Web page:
I recently was tasked with a construction project with numerous and seemly contradictory requirements.
Being in a fire-prone area, for safety reasons we were obliged to remove a misplaced and highly flammable tree from a rental property we own. Because of that, the tenants lost some backyard privacy when people passed by outside the front yard fence.
There is a long and narrow side yard which a person could peer into and see the backyard where the tenants wanted some privacy without be gawked at. This side yard is about nine feet wide. Something to block the view of passers-by was needed. Not that the tenants would be prancing about naked.
The stipulations were that whatever I made that it not be attached to the neighbors fence or to our house, including hooks into the siding or the fence. That ruled out hanging a curtain or similar solutions.
Additional requirements were:
That it not impede people walking through including pushing a wheelbarrow or lawnmower.
Also that it not be permanent, meaning no fence posts sunk into concrete.
Additionally it should not act as a sail and flap or blow over in the wind.
Naturally, I had an interest that it not cost a fortune.
My solution was frame that pivots on a single pole. I made the frame out of one-by-two fir which I doubled up so the corners could be overlapping joints. I used screws and exterior grade wood glue. It took of bit of adjusting and diagonal measurements to be sure the frame was a perfect rectangle. Added some angle corner braces to keep it square.
My wife gave the frame a coating of weather-resistant stain. The pole I used was a rigid, rust-resistant ten foot, one-inch diameter metal pipe used for electrical conduit. Using zip-ties, we stretched a grommeted shade cloth with good opacity onto the four-by-six foot frame. Below the frame, I placed a 15 inch length of two-inch diameter ABS pipe which acts a spacer between the frame and the ground. Centered onto the frame I placed simple brackets which I allows the frame to spin freely.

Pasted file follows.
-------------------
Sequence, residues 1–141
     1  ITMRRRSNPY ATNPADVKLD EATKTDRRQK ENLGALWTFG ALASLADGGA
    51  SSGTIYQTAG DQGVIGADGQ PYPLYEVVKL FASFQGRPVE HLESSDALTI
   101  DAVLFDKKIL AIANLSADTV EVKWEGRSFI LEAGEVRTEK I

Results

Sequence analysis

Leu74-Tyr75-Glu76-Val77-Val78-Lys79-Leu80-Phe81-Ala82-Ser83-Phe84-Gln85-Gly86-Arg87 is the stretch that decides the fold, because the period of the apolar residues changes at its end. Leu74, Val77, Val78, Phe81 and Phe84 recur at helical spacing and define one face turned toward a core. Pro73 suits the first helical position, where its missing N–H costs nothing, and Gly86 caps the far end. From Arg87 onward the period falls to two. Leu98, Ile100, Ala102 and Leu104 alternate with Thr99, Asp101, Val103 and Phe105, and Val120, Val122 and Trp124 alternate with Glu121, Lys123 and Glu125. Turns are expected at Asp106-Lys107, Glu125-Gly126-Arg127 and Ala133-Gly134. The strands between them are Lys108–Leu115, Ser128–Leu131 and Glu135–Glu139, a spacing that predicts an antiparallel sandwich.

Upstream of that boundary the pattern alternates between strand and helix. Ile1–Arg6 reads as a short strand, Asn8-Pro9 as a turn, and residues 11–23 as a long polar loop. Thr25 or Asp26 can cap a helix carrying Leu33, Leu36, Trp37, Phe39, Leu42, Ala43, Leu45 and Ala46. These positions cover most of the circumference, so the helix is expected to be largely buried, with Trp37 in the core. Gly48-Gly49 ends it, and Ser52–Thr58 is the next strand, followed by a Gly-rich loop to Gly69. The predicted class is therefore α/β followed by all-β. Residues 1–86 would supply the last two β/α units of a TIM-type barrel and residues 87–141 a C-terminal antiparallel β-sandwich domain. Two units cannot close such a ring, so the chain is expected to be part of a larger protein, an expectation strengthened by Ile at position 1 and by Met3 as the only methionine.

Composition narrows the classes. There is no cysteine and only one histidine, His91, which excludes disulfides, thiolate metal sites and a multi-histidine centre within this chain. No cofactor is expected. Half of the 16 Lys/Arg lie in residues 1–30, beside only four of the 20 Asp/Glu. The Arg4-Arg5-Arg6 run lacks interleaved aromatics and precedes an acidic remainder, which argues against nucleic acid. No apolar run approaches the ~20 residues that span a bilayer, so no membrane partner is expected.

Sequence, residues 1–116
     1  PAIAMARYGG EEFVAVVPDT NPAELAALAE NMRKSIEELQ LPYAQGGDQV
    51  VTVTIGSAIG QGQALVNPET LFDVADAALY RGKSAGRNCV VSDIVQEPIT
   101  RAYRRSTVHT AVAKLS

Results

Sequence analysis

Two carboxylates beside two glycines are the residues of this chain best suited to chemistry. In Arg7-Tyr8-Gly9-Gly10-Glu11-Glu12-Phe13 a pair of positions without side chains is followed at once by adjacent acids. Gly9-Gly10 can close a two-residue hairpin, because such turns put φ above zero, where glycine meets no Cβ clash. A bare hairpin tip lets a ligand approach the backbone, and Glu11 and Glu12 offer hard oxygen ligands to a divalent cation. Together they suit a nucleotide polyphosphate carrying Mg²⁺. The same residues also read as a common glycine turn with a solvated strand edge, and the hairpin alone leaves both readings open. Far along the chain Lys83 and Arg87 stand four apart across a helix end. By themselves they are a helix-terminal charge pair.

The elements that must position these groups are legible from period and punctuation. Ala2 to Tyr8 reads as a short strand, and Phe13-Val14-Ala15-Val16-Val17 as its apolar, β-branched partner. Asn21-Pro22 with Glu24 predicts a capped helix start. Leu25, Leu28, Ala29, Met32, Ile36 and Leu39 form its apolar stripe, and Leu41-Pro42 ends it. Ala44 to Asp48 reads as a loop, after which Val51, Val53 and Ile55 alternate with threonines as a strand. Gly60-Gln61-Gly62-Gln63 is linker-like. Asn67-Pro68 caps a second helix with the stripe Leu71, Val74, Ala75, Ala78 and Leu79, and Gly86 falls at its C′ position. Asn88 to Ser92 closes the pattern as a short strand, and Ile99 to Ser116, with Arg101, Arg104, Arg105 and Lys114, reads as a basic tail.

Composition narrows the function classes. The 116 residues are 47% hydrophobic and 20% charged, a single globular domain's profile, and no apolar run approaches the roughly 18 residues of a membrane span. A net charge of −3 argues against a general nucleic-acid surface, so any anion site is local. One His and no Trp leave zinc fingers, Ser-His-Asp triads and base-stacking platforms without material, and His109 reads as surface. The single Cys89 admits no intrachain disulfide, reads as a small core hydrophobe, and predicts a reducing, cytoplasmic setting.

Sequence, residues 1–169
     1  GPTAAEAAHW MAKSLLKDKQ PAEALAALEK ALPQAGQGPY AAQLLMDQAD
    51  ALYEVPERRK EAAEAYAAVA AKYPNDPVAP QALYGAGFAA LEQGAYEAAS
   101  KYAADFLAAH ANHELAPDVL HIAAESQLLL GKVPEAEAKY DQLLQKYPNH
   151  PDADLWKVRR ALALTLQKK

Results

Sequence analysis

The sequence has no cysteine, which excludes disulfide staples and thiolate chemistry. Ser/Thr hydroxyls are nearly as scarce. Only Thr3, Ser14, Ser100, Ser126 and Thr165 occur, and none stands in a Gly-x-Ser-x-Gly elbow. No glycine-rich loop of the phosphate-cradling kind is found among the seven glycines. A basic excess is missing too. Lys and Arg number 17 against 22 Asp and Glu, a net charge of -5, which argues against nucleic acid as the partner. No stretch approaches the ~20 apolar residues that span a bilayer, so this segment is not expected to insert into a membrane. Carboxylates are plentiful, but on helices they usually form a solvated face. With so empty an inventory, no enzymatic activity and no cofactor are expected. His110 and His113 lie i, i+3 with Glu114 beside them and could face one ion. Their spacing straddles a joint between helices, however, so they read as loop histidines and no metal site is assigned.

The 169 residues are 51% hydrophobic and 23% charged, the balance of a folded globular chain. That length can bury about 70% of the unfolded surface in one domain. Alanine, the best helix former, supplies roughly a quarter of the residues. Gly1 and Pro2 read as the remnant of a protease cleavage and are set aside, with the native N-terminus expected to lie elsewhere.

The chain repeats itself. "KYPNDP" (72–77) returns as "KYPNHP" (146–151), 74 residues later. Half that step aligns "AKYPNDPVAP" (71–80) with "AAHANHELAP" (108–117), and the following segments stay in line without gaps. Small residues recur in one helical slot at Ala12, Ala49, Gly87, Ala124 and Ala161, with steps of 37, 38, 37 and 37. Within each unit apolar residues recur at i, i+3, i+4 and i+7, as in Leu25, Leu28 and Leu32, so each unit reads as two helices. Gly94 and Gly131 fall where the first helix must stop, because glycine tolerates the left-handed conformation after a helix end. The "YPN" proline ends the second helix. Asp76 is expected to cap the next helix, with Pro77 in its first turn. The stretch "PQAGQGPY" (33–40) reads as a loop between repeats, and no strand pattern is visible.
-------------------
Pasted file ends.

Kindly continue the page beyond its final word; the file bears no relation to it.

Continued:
Because I had only visualized this solution, I tested the concept in our backyard first. (Enlarge the first photo below) With proof of concept established it was time to place it at the rental
One small unforeseen glitch in this project was that the frame didn't fit into the back of our Subaru Forester. Luckily, our rental is only three blocks away so I walked over carrying the rather ungainly frame with the cover on it while my wife drove over with the necessary tools and equipment.
Then at our rental house, my wife and I found the optimal location to place the contraption. Using a post hole shovel I dug down about a foot. Checking for level, I pounded a two-foot length of two-inch ABS pipe into the ground until it was nearly level with the ground. I placed a cap onto the ABS pipe through which I had previously drilled a hole sized and centered to perfectly accommodate the metal pipe. We replaced the removed dirt around the ABS pipe.
I placed the metal pole into the ABS pipe again checking for level in all directions. This time leveling was more critical. Once it was exactly level and pushed into the ground, the pipe stayed level. Then with a sledge hammer from atop a ladder I pounded that ten-foot metal pole into the ground leaving something less than 6 feet of it above ground. I placed the 15-inch ABS pipe as spacer onto the metal pipe and placed the frame above that.
Of course, we didn't want the frame to spin too freely. So I placed a metal stake into the ground about a half foot to the left of the center pole. The stake I used was intended to stake a dog on chain so it had a metal link on it. We never used it for its intended purpose but it was among the miscellaneous odds and ends we seem to collect. To that stake I attached a bungee cord. (Enlarge the second photo below)
In that way, the default position of the screen obscured the view of any potential peepers. However it easily pushes out of the way when the tenants or others want to pass by and returns to the "closed" position. The bungee can be unhooked if the screen needed to be "open" for an extended period. It also has the advantage of not totally resisting a strong wind. Like a weather vane it moves to offer minimal wind resistance.
This vision-blocker was positioned so that a person would have to be inside the fence and on the property to see what's in or what's happening in the backyard.
With the metal pole sunk some four feet below ground level it remains upright like a flagpole but can be removed with some but not a Herculean effort.
All of those who were interested in this project including my wife and the tenants are very pleased with the results.
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